Stanislav Vinaver

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Stanislav Vinaver (Serbian Cyrillic: Станислав Винавер), (1 March 1891 – 1 August 1955) was a man of letters from Serbia.

Biography[edit]

He was born on the first day of March in the year 1891, in Šabac, Kingdom of Serbia, in a well-to-do Jewish family. His father Josif was a physician and mother Ruža a pianist. Vinaver finished elementary school in Šabac, attended high school in both Šabac and Belgrade, and studied mathematics and physics at the University of Sorbonne, Paris. There he became a follower of Henri Bergson's philosophical ideas, and in 1911 his thoughts and ideas were published in a collection of symbolic poems Mjeća.

Vinaver volunteered in the Balkan wars and took part in World War I as one of the “1,300 corporals” famous students’ battalion, in which he was a lieutenant. He went through the horrors of the Serbian army retreating through Albania and found himself on the island of Corfu, where he became the editor of “Serbian newspaper” working as a state press-bureau clerk. In the year of 1916 he was sent on a lobbying mission to France and Great Britain on behalf of Serbia to garner public support for the fighting on the Balkan front. During the Russian Revolution he was a Serbian diplomatic envoy in St. Petersburg.

Erudite and literate, Stanislav Vinaver was briefly employed at the Ministry of Education in Belgrade after World War I, but soon his restless and wondering spirit led him into journalism, translation work, and writing. In the newly formed Kingdom of Yugoslavia he became quite an outstanding person among young and modern Serbian writers and poets (Miloš Crnjanski, Dragiša Vasić, Rastko Petrović, Ljubomir Micić, Rade Drainac, Velibor Gligorić, Marko Ristić), and Croat literati who had come to Belgrade after Kingdom of Yugoslavia was formed (Tin Ujević, Gustav Krklec, Sibe Miličić).

The character of "Constantine" in Rebecca West's Black Lamb and Grey Falcon is supposedly based on Vinaver.[1]

Oeuvre[edit]

Vinaver is an important figure in Serbian literature and culture. As a poet and essay writer, he was one of the leaders of the expressionist movement as well as the author of “Manifesto of expressionism”, strongly pleading for abandoning traditional artistic expression, disclaiming routine “patriotic canons” established by honourable literary critics Jovan Skerlić and Bogdan Popović.

Vinaver spent World War II in captivity in the German POW camp Osnabrück. During the last years of his life (1945-1955) he worked in Belgrade as a writer, satirist and translator from French, English, German, Russian, Polish and Czech. His unique translations, in which he would often step away from the original text in order to describe and keep the essence and spirit of the original, were sometimes rejected by publishing houses, but to this day have not been overtop and have become almost an individual works of literature. For example, Vinaver wrote and added up to 200 new pages to his translation of François Rabelais' "Gargantua and Pantagruel". Another famously modified translation was Lewis Carroll's "Alice's Adventures in Wonderland" and "Through the Looking-Glass" where he diverts and twists the original novel going farther away from the literal translation, while keeping and cherishing Carroll's brilliant humor, puns and most importantly Carroll's message and the tale's essence. Vinaver himself never said "Alice" was a translation, and preferred to call it "re-telling".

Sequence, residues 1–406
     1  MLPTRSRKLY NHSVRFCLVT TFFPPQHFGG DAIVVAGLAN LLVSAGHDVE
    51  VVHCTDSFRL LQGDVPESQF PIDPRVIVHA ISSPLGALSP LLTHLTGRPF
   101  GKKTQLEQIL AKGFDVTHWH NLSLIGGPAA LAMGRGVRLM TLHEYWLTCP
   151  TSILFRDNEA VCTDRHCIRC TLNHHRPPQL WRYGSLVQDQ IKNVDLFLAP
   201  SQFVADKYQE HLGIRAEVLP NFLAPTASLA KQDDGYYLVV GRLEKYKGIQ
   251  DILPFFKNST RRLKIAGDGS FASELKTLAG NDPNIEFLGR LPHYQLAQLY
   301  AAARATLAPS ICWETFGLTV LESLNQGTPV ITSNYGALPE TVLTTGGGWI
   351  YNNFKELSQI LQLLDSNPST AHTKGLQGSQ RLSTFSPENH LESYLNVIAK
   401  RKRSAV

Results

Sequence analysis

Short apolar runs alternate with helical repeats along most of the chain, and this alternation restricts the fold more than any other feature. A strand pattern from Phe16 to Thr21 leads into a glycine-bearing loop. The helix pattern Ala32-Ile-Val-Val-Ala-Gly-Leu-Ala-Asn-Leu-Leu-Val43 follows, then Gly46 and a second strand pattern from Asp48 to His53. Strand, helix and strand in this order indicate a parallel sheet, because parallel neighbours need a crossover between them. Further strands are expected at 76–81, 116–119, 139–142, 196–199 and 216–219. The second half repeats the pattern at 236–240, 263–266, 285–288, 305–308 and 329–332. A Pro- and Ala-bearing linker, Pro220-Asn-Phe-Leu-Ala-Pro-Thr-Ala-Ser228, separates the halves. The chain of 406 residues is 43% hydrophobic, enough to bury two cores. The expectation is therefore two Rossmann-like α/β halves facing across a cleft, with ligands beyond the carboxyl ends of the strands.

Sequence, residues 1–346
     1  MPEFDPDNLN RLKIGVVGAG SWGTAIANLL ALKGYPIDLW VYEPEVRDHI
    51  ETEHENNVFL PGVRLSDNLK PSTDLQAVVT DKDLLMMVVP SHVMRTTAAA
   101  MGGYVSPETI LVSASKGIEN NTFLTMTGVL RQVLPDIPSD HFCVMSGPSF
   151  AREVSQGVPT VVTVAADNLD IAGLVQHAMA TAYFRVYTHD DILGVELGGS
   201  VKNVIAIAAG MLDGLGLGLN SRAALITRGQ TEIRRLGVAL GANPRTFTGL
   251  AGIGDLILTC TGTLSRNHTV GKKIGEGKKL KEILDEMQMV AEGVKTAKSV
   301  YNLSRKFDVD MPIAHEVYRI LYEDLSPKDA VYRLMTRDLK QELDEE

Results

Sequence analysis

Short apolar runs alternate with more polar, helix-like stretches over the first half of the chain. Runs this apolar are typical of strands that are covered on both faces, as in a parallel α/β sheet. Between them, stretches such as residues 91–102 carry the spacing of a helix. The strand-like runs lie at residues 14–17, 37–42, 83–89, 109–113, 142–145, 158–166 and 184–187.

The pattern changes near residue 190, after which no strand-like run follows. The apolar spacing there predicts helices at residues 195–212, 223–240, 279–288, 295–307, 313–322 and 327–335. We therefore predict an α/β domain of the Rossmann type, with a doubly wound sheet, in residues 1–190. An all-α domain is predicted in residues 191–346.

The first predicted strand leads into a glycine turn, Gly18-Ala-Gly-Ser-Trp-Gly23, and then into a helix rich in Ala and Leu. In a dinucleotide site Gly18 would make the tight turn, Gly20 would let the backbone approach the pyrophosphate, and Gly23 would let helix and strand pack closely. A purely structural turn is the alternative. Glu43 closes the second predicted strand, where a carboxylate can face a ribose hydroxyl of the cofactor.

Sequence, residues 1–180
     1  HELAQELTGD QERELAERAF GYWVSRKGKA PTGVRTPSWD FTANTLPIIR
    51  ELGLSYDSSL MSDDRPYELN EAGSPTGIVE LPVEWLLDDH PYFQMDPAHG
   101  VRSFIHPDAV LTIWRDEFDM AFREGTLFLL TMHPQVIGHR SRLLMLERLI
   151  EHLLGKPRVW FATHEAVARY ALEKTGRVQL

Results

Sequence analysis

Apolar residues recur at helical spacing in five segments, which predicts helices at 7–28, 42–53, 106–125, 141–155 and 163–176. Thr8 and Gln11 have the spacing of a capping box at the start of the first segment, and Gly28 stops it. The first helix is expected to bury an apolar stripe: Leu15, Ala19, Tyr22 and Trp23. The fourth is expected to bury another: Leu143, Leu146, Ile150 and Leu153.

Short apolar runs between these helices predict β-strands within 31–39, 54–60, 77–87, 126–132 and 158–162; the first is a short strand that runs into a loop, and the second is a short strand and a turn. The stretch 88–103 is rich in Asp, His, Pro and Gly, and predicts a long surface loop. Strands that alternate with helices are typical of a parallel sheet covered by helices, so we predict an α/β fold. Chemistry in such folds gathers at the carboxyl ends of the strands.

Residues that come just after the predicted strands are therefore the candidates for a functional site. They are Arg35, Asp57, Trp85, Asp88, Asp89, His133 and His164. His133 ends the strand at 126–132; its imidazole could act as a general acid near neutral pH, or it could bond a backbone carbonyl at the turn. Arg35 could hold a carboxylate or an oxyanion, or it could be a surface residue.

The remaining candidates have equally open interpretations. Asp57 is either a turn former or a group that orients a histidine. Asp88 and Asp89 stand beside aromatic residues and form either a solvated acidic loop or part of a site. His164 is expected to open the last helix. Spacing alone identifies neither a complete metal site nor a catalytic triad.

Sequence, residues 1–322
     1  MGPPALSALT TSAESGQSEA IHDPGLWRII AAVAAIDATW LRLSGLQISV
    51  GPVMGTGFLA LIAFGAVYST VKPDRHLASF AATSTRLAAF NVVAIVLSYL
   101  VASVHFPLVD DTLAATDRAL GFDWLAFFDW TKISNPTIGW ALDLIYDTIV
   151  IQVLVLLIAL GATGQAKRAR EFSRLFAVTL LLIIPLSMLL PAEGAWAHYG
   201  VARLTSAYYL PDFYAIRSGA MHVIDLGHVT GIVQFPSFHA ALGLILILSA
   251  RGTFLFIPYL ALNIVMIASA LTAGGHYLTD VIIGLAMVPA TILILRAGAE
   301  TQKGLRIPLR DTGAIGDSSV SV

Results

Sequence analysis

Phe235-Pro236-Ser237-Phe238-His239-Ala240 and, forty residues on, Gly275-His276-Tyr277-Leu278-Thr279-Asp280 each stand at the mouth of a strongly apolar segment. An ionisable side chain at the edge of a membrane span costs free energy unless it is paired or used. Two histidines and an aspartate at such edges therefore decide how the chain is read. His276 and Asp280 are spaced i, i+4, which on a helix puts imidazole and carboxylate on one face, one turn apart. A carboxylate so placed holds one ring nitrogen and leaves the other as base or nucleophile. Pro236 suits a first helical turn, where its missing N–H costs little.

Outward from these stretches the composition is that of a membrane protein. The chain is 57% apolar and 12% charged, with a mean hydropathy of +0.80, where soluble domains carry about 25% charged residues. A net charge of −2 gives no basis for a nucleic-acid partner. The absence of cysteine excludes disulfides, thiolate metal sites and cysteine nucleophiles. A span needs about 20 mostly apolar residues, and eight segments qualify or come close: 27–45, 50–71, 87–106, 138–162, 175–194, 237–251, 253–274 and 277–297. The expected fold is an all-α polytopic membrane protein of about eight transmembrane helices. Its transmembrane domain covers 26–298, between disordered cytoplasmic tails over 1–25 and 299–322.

As for satire, Vinaver’s style was endlessly witty and humorous, with unexpected turnovers, fresh and innovative expression and a subtle sense of grotesque, most apparent in his “Panthology of new Serbian Pelengyrics” (pelen, sr. – wormwood), a mockery of Bogdan Popović’s “Anthology of new Serbian lyrics”.

Among his works, the best known are “Stories that lost their balance” (1913), “Thoughts” (1913), “Lightning rod of the Universe” (1921), “Worlds keeper” (1921), “Evil wizards' small town”, “Icarus’ flight”, “War friends”, “European night”, “Our needed language” and his famous work “Laza Kostić’s enchantments and spites”. In the latter book, for which he had a hard time to publish it and did not manage to do so during his lifetime, Vinaver showed his master skills for debate and reached heights in criticizing Serbian cultural mediocrity and mythomania.

Even though he was rather modernist, particularly vis-à-vis national culture, he remained miscomprehended for half of a century, suppressed and concealed, and his book “Enchantments” was not republished until 2006. In this significant book, Vinaver manages to represent complete Serbian artistic and spiritual heritage that includes both culture and mythology, and beside portraying famous poet Laza Kostić, the book is an auto-poetic work, combining artistic-intellectual curiosity, encyclopedic knowledge as well as Vinaver's own strong and distinct identity. It contains complete Kostić’s biography and writings, historical context which they originated from and notes of his contemporaries, but the book also contains Vinaver's writings of music, verses structure, linguistic possibilities, melody of language and contemporary poetry in general.

Stanislav Vinaver died in Niška Banja, Serbia, on 1 August 1955.

References[edit]

  1. ^ Michael D. Nicklanovich: "Rebecca West’s 'Constantine the Poet', Serb World U.S.A., March/April 1999, vol. XV, no. 4 (also available online)